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Sweet chestnut aphidOn this page: Identification & Distribution Biology & Ecology
Identification & Distribution:Winged adults of Myzocallis castanicola are yellow. They are distinctively marked with a dark median strip on the head and thorax, and paired black spinal and marginal patches on the dorsal abdomen. Their antennae are dark beyond the basal half of the third antennal segment. The tips of the tibiae and tarsi are dark, as are the forewing veins which end in fuscous spots. The siphunculi are also dark. The body length of Myzocallis castanicola alates is 1.6-2.3 mm.
Immature Myzocallis castanicola are yellowish or greenish with some brown-black dorsal markings.
The sweet chestnut aphid is found on the undersides of leaves of many chestnut (Castanea) and oak (Quercus) species. Myzocallis castanicola is found in Europe, Middle East, southern Africa, Australia, South America and western North America.
Biology & Ecology:
Myzocallis castanicola can be found on several tree species, all in the Fagaceae (oaks and chestnuts).
On sweet chestnut (Castanea sativa)
The species is often abundant on sweet chestnut (Castanea sativa), from which the species takes it scientific name (castanicola). The picture below shows an unusually lightly marked specimen on sweet chestnut in East Sussex (compare with the heavily marked specimens feeding on english oak below).
Apart from a few Lachnus species, Myzocallis castanicola is almost the only species of aphid worldwide that feeds on sweet chestnut. Sweet chestnut is characterised by having both hairs and stalked glands on the leaves (Viéitez, 1992 ). Such structures have a defensive purpose against herbivores which may well be why so few aphid species have adopted sweet chestnut as their food plant.
Note that the glands are especially concentrated near the midvein and side veins - the optimal aphid feeding sites.
On English oak (Quercus robur)
Myzocallis castanicola also occurs on English oak, a host it shares with a very large number of other aphid species. Despite the competition, it can occur in large numbers on Quercus robur.
Ratajczak & Wilkaniec (2011) looked at the composition of the tree-feeding aphid community in the Kornik Arboretum in Poland. Whilst the beech aphid Phyllaphis fagi was the commonest aphid, making up over 20% of the aphids collected, Myzocallis castanicola was still classified as subdominant, comprising 5-10% of the aphids collected.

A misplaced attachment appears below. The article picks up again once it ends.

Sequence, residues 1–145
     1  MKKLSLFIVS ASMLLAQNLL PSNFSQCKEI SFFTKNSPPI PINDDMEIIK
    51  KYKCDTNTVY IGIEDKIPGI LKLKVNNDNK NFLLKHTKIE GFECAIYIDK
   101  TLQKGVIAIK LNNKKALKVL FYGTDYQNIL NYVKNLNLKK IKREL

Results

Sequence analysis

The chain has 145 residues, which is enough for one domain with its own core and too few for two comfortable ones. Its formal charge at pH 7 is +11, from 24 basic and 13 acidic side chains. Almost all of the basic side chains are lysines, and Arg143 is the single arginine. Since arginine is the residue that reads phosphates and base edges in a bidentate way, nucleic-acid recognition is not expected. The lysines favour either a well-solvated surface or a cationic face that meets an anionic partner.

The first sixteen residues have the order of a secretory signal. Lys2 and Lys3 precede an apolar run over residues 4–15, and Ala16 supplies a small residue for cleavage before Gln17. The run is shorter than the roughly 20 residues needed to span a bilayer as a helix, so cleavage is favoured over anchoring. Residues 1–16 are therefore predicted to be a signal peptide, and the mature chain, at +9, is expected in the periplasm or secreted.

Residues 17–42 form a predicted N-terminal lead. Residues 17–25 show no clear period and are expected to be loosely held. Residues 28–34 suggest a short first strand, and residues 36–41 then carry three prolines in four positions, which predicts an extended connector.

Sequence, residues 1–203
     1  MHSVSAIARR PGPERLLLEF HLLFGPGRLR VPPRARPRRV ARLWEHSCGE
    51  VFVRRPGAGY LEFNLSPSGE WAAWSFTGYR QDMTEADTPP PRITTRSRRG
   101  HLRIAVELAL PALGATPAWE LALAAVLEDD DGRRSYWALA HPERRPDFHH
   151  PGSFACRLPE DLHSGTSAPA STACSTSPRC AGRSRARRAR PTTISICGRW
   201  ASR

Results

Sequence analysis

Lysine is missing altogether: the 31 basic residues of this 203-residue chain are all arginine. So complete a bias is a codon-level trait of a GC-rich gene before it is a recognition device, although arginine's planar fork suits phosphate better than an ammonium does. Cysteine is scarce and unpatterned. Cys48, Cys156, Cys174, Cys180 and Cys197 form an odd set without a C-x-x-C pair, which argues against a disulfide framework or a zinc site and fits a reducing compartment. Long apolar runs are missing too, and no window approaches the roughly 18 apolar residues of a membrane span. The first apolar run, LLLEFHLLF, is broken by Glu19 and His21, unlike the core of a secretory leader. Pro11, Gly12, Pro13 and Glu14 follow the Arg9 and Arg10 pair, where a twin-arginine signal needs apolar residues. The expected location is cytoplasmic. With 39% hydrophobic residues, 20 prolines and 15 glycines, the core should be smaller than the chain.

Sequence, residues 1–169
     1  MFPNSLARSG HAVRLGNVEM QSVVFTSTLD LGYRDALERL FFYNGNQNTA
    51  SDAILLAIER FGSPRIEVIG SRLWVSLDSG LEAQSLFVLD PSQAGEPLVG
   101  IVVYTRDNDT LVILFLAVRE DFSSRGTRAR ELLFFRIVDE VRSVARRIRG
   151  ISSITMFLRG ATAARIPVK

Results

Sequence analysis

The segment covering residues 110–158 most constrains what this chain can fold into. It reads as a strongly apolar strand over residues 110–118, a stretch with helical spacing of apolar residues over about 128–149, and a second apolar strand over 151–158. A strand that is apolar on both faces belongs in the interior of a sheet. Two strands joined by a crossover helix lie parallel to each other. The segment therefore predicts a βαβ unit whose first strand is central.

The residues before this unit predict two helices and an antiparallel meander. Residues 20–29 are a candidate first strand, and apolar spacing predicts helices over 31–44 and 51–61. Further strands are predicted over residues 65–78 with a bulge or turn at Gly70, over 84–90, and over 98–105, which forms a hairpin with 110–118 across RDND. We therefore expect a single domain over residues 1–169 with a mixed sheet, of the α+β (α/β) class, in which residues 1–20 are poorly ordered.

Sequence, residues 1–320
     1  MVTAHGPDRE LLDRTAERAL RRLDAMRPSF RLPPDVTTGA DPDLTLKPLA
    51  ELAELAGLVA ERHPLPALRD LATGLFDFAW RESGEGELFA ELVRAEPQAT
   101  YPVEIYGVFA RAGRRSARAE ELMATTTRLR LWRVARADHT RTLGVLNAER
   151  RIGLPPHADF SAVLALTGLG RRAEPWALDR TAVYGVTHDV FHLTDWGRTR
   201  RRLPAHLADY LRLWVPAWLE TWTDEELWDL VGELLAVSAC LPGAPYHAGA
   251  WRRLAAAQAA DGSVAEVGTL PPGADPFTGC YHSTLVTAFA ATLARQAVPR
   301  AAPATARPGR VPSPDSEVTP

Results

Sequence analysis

Identification of Myzocallis castanicola on Quercus species can be made a little more difficult by the great variation in how heavily specimens are marked. The specimen above is strongly marked, with the head and thoracic markings clearly distinguishing it from other species on oak (compare with the lightly marked specimens feeding on sweet chestnut above).
On holm oak (Quercus ilex)
Quercus ilex is another plant that presents a difficult habitat for aphids as the young shoots and lower surface of the leaves are covered with very smooth trichomes.
Nevertheless about 30 species of aphids worldwide are known to feed on Quercus ilex, including Myzocallis castanicola (see picture below).
Another holm oak feeder, Myzocallis schreiberi achieves attachment to the trichomes on the lower surface of Quercus ilex using flexible pretarsal empodia (Kennedy, 1986 ). It seems likely that Myzocallis castanicola has the same adaptation.
Myzocallis castanicola is not attended by ants, despite the fact that it is likely that the honeydew produced would appear very palatable to them. Lombard (1987) examined the carbohydrate composition of the honeydew produced by Myzocallis castanicola and found melezitose to be the main component of the trisaccharide fraction. It is quite possible the sugar concentration is too low. However it might be consumed by ants and wasps gleaning partially dried honeydew from the leaves, rather than directly from the aphids.
Barta (2009) reported the fungal pathogen Entomophthora planchoniana attacking Myzocallis castanicola, as well as other Myzocallis species.